LOS ALTOS, Calif. (KGO) -- Election Day is Tuesday and on Monday, the current mayor of San Jose joined two past mayors of the city to try to get you to vote yes on increasing bridge tolls. All Bay Area counties will vote on Regional Measure 3.
Almost everyone agrees traffic is a major problem in the Bay Area, but some leaders disagree on how to pay for the projects.
What would get two former San Jose mayors, Chuck Reed and Ron Gonzales, back on the campaign trail?
They were at the Diridon Station in San Jose Monday morning, pushing voters to approve Regional Measure 3, also known as RM3.
RELATED: Bay Area June 2018 Election Day voting guide
"Everybody knows that transportation is horrible most of the day in the Bay Area. This is a way to get some relief for that," said Reed.
Supporters say RM3 is a coordinated regional approach to the major traffic issues facing the Bay Area.
The $4.5 billion measure would fund 35 projects and programs with the goal of reducing traffic, relieve crowding on BART, and improve other modes of public transportation.
One of the biggest issues for opponents of RM3 is how it will be funded.
RELATED: Trio of Bay Area mayors campaign for bridge toll increases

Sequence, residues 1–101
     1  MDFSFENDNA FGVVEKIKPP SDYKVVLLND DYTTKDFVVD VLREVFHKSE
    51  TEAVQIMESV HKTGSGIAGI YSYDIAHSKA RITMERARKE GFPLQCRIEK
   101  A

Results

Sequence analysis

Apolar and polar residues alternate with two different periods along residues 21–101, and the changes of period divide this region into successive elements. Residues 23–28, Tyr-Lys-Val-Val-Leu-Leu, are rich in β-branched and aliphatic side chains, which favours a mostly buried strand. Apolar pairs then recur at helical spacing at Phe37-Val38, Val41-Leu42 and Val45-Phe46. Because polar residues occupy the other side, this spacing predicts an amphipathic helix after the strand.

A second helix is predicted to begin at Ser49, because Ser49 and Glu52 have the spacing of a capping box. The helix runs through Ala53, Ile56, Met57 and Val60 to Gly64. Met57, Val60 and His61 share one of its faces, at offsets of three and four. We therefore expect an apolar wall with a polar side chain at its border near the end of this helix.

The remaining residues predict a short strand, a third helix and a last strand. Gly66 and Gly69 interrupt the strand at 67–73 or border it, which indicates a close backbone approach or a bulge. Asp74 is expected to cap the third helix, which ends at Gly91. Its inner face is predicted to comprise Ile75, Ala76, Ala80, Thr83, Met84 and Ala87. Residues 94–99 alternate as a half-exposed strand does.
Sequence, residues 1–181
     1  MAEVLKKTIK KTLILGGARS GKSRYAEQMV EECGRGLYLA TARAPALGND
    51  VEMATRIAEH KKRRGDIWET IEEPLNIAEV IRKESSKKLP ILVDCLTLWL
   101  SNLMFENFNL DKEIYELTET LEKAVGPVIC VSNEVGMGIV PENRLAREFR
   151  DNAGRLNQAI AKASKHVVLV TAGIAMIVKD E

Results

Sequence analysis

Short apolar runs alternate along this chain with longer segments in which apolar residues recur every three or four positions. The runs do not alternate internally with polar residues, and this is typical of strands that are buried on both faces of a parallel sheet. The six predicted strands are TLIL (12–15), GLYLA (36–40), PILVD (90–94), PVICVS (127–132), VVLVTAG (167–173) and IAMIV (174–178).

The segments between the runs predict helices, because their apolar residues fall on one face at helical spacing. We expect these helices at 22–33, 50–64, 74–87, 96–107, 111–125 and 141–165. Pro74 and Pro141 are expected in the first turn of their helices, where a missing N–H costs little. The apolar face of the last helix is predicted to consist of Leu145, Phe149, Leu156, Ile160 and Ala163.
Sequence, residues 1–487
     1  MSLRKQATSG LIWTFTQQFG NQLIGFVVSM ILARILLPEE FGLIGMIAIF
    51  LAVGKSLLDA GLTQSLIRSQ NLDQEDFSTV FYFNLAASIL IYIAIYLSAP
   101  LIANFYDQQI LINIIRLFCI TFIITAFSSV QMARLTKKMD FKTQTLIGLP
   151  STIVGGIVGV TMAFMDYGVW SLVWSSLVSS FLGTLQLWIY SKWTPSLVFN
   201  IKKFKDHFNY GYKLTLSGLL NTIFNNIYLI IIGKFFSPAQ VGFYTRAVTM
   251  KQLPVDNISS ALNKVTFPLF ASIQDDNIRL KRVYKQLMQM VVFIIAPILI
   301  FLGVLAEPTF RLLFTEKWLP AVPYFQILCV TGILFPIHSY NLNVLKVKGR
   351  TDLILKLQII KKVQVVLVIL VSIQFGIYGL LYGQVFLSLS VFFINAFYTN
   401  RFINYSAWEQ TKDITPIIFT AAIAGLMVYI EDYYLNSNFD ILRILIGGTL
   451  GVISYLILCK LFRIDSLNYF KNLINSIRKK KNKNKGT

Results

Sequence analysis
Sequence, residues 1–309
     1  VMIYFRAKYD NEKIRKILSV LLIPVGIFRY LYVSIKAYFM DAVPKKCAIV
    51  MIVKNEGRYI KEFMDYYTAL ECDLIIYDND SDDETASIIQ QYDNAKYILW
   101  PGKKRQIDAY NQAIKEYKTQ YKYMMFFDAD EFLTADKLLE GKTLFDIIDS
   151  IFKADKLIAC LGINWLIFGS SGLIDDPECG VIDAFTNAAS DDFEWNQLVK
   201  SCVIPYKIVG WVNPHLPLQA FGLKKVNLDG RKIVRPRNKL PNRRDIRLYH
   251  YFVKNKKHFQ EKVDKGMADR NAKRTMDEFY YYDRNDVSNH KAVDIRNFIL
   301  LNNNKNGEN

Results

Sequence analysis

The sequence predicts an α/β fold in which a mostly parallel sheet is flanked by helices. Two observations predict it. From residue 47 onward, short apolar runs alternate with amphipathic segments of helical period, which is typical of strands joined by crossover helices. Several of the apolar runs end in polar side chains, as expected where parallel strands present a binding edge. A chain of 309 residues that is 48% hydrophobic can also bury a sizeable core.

If passed, drivers crossing all bridges in the Bay Area, except the Golden Gate Bridge, would see their tolls increase by $3 over the next 7 years.
Cupertino Vice Mayor Rod Sinks says it's too much of a burden on low-income drivers who have already been pushed out of the area due to high housing costs. He wants to see businesses pay for these projects.
"I think in light of what's happened in the federal government in the last year, we ought to be asking corporations to step up and help us with the ever-rising impacts of displacement of families and with the rising cost of transportation and the impact it's having on our quality of life," said Sinks.
Regional Measure 3 will be on the ballot for voters in the the city and county of San Francisco and the following counties: Alameda, Contra Costa, Marin, Napa, San Mateo, Santa Clara, Solano, and Sonoma. To pass, RM3 requires approval by a majority of votes cast on the measure in all nine counties combined.
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Former Bay Area mayors support transportation measure, other leaders question how to pay for it
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